Though foreign economic aid may win us temporary allies...it is playing into our enemies' hands and should be abolished. Instead, we should concentrate on promoting worldwide economic development through means that are consonant with the American tradition itself -strengthening of free market domestic economies in the less-developed nations, the removal of obstacles to private international trade, and the fostering of a climate favorable to private international investment.37

Jocelyn Webster, a researcher with AfricaBio, a group based in Pretoria, South Africa, said at the United Nations World Summit on Sustainable Development in Johannesburg that she was "absolutely horrified at the negative tone" of summit delegates toward genetically modified foods.... In America, millions of people eat GM foods when they eat their breakfast cereal, but that kind of food is not good enough for starving Africans."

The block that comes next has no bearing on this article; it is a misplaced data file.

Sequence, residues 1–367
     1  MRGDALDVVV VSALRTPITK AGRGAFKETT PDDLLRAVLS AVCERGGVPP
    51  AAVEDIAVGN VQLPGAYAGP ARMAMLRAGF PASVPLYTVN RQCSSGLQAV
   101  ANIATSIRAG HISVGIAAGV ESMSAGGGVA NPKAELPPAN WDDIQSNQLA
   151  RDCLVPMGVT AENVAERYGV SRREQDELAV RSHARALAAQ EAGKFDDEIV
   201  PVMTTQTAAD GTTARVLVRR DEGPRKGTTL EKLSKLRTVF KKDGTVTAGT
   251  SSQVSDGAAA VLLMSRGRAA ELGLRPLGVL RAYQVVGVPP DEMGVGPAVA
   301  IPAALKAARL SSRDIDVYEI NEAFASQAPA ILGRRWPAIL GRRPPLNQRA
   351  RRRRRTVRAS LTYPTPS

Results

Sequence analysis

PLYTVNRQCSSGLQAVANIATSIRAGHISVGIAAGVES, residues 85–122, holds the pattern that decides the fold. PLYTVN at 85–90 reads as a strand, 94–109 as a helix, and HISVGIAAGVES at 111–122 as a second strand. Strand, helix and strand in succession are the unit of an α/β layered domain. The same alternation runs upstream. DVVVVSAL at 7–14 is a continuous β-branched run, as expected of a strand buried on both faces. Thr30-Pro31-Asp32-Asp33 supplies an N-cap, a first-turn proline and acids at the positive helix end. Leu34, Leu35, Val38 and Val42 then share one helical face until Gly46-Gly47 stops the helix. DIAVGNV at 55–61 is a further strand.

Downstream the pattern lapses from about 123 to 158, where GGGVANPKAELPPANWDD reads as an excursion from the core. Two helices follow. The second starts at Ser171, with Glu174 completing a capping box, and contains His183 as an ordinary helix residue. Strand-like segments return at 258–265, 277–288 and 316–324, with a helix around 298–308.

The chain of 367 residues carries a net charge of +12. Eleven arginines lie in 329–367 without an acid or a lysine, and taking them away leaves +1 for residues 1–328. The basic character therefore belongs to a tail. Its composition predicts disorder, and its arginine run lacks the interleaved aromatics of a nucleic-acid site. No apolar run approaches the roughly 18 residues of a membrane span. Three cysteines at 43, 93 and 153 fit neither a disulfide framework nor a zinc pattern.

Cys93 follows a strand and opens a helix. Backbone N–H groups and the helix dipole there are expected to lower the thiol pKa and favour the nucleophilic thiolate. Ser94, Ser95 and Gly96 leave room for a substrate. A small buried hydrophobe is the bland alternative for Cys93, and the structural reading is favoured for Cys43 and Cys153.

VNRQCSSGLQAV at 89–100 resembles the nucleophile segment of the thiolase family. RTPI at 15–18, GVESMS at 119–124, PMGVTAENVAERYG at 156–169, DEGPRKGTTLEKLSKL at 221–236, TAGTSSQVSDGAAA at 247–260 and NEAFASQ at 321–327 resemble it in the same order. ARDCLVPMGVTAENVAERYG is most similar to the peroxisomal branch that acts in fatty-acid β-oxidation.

"African farmers could compete with Europeans, but fear they could not sell biotech foods in Europe."

The day I arrived at the Johannesburg conference, about 200 poor farmers from Africa and India were protesting high trade barriers - including biotech barriers - erected by Europe. "We want the freedom to grow what we want, when we want, with what technology we want, and without trade-distorting subsidies or tariffs," said Barun Mitra, an Indian quoted by Reuters.39

Ultimately, developing nations have the most to gain from the virtuous circle of freedom breeding technology and technology breeding freedom. There are certainly no cultural impediments. As Hayek wrote: